Growth and Fixed Mindsets
My students last year kept bringing up mindsets and then at National Council of Supervisors of Mathematics (NCSM), Jo Boaler was a keynote presenter and spoke about mindsets (see more at https://www.youcubed.org/category/teaching-ideas/growing-mindset/).
Mindsets in Mathematics
Jo Boaler spoke about the misconception that some people are born with a “math brain” and others are not. So some people are unable to math at all. She pointed out that there some people who really are physically unable to do math, but those represent fewer than 1% of the population. She argued that we need to support “growth mindsets” which basically means that we support the idea that anyone can learn anything if they work hard, have appropriate experiences, and give it time.
Mindsets in Everyday Life
Pretty frequently I tell myself I have a “___ brain” where lots of things can go into the blank: I am just not a social person, and nothing I can do will ever get me to the point where I can interact effectively with other people on an ongoing basis. My mind just doesn’t work that way. Or, I am an imaginative person but I am not a creative person. I can’t draw or paint because my mind just doesn’t work that way. Or, I’m not an organized person – I am scatter-brained and can’t keep up on notes or planning.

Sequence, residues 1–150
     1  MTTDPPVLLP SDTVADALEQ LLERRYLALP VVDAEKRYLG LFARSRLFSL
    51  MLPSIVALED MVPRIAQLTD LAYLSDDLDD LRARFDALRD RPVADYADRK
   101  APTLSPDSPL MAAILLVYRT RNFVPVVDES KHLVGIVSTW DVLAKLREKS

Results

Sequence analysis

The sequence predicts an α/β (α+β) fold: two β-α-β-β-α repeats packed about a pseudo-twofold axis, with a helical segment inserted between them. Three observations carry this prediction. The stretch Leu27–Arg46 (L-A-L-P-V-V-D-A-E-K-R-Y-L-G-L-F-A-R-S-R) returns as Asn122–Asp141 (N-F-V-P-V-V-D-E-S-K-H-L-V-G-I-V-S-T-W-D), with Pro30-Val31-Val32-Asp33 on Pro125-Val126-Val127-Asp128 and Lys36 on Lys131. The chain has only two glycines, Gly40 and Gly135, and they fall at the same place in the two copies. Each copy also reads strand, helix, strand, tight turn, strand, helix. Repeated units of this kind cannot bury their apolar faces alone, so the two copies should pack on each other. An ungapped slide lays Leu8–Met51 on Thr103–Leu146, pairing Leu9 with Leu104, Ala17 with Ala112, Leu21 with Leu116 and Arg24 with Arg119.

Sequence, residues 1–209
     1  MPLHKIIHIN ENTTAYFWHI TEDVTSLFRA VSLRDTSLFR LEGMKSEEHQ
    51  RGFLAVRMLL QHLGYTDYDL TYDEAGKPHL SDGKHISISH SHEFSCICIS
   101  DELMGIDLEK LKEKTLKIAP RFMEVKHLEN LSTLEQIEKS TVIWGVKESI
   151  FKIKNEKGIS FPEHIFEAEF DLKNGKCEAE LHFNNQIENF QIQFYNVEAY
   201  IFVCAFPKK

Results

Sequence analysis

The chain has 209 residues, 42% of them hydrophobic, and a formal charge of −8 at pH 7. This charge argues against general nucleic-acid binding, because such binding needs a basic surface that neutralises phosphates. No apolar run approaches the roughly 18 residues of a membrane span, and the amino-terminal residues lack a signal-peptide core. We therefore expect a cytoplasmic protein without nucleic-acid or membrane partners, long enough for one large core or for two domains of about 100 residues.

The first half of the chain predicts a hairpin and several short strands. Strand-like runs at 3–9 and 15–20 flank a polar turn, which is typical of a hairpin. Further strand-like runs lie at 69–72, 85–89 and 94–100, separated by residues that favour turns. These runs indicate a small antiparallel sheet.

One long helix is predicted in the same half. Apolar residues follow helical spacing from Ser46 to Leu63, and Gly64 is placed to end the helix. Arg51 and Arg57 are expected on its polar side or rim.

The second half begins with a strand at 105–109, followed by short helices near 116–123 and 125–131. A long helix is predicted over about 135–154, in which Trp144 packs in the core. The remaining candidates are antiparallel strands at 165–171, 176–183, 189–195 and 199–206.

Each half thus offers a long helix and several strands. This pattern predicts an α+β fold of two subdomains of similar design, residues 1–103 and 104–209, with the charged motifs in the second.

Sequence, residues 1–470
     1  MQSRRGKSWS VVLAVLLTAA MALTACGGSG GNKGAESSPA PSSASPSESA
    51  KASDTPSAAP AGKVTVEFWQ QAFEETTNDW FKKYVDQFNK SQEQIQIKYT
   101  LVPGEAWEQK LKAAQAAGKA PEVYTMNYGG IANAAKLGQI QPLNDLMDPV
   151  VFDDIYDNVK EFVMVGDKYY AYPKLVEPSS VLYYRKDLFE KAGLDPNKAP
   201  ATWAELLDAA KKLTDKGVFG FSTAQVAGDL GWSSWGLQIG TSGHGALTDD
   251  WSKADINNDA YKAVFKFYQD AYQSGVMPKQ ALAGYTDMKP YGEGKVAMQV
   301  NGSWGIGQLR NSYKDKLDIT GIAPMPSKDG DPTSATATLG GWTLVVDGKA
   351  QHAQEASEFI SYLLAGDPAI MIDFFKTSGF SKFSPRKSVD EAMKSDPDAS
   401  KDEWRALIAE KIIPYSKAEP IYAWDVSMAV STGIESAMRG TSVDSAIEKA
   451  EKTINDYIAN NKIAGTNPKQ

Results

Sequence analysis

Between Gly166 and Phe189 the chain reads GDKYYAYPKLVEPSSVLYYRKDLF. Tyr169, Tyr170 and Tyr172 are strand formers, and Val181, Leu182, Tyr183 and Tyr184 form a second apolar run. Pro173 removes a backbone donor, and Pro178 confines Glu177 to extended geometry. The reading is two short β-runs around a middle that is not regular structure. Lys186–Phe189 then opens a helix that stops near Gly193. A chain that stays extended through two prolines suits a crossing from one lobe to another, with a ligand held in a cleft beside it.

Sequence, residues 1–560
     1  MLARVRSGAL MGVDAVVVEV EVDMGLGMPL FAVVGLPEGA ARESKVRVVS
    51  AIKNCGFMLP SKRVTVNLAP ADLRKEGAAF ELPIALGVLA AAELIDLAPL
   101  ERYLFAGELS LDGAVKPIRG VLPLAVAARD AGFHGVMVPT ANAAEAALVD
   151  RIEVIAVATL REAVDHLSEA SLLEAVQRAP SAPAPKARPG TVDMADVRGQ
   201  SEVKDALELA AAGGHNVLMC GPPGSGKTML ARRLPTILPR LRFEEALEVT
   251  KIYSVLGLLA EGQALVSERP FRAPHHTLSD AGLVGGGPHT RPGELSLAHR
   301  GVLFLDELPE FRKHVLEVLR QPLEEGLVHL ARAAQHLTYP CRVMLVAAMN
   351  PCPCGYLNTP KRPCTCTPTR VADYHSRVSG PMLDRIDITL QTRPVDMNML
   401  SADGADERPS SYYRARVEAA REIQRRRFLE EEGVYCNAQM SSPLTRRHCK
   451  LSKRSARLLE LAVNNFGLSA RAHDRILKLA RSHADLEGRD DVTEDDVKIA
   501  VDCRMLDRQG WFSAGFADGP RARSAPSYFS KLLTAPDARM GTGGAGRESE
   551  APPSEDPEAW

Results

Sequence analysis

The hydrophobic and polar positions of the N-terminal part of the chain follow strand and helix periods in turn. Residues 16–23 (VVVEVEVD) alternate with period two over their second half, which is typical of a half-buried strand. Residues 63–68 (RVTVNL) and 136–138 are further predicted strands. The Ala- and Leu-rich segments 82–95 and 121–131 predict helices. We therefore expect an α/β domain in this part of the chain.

So, I’ve started to try to talk back to myself and say: If I expect my students, who may feel the same way about math as I do about socializing, to change to a growth mindset, then I need to change to a growth mindset about all of these things too.
This realization was pretty amazing for me: All this time, I have thought I was born a certain person who just can’t do things like other people. And I realize that some of those things may never come easily for me (because I probably still will be an introvert who prefers a quiet reading chair in the evening as opposed to an exciting evening with friends) but I can work on these things and improve. I can reflect on my feelings and strategies, and I can talk to other people about their feelings and strategies, and get better at anything that I want to. It feels freeing.